THE ASAHI SHIMBUN
July 11, 2021 at 07:00 JST
Not good enough. That was the message to Prime Minister Yoshihide Suga from young climate activists on the day he officially unveiled the government’s new target for cutting greenhouse gas emissions.
At 67 locations across 23 prefectures on April 22, activists held up placards arguing that what the government drafted falls short on adequately combating climate change.
Kazuto Nakano, 19, and Miu Terashima, 19, marched along a street in Kyoto brandishing a banner that states, “We are demanding the goal for slashing greenhouse gas emissions be dramatically raised.”
Terashima carried a sign around her shoulder that read “62 percent to protect the future of the globe.”
"The government should set a reduction goal that is strict enough to curb the temperature increase to 1.5 degrees or less and take measures toward that goal," Nakano said.
They are insisting the target should be raised to a 62 percent emissions reduction by 2030 from 2013 levels, compared to the prime minister’s target of 46 percent.
Under the harder target, Japan could still adhere to the Paris Agreement goal of limiting the global temperature rise to as much as 1.5 degrees from pre-industrial levels.
Given that global warming will have greater impact on young people and future generations, and that Japan is a major emitter, high school and college students are raising their voices to urge the government and the business community to aim higher.
That same day, a group of about 10 youth and adults appeared in front of the economy ministry building in Tokyo's Kasumigaseki district with placards. Second-year high school student Minori Hirose, 16, said she secured her first day off to join the campaign.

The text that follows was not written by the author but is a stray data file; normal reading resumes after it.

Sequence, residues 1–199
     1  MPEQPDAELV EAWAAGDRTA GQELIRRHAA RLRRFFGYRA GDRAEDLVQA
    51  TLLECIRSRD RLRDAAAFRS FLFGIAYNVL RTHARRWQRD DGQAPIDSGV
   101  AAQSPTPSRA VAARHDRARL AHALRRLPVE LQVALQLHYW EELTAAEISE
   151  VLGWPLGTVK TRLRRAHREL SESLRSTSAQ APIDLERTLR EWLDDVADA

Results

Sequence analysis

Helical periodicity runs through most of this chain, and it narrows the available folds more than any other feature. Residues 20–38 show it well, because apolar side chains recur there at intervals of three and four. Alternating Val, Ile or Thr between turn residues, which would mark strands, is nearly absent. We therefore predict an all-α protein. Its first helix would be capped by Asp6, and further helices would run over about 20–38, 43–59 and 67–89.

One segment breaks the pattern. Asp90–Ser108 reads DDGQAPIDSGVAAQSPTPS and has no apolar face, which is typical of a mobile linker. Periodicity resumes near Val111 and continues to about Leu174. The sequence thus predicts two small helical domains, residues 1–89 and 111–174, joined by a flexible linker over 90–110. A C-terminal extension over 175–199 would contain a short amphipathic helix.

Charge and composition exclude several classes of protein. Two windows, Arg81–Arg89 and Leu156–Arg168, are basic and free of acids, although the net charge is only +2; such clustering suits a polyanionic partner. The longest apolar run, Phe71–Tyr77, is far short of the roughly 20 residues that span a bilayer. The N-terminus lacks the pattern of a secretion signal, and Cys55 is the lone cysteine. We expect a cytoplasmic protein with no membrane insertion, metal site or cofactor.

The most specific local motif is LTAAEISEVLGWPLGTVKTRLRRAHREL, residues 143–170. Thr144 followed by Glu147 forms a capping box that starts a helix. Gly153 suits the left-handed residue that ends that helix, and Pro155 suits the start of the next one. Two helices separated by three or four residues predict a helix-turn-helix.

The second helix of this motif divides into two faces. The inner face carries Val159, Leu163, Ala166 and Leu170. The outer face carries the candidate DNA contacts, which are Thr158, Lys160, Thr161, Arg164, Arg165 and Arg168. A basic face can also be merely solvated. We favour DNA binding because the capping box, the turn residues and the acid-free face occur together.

“Unless we stand up, people will think we have given up (on the 62-percent target),” said Hirose. “I want to live in a society where we can go to school without any anxiety.”
Their push to ratchet up the target follows an independent scientific analysis report released in March out of Europe by Climate Action Tracker (CAT).
The report calls for Japan to cut emissions by 62 percent by 2030 from 2013 levels to adhere to the Paris Agreement goal.
When the global thermostat raises higher than 1.5 degrees, humans will have to rely on unrealized technologies, such as carbon capture, to lower the figure to the previous level.
If this happens, it will become increasingly unclear whether global warming can be stopped. That has youth climate activists holding out hopes the government might still come around on the 62 percent target.
In a special report published in 2018, the Intergovernmental Panel on Climate Change estimated that reducing emissions by 62 percent would prove helpful in preventing the temperature rise from far exceeding 1.5 degrees.
The Kiko Network, a nongovernmental environmental advocacy group, is also pressing Tokyo to raise the 2030 target to 60 percent based on the CAT report.
According to the World Meteorological Organization, the global temperature has already risen by about 1.2 degrees. The IPCC predicts it will reach 1.5 degrees as early as 2030.
The concerns held by youth activists largely center around the Japanese government’s stance on maintaining coal plants, a major source of greenhouse gas emissions.
Young climate activists protested at a coal plant being developed by power supplier JERA Co. in Yokosuka, Kanagawa Prefecture, on April 22, arguing it is necessary for Japan to phase out coal power to be successful in the fight against climate change.
“Completing a new coal power station will help accelerate global warming,” said Hikari Matsumoto, 21, vowing to continue her opposition to coal power. “That is not compatible with the goal of curbing the (global) temperature rise to 1.5 degrees or lower.”
(This article was written by Akemi Kanda and Keisuke Katori.)
Visit this page for the latest news on Japan’s battle with the novel coronavirus pandemic.
Haruki Murakami and other writers read from books before selected audiences at the new Haruki Murakami Library.
The Asahi Shimbun aims “to achieve gender equality and empower all women and girls” through its Gender Equality Declaration.
Let’s explore the Japanese capital from the viewpoint of wheelchair users and people with disabilities with Barry Joshua Grisdale.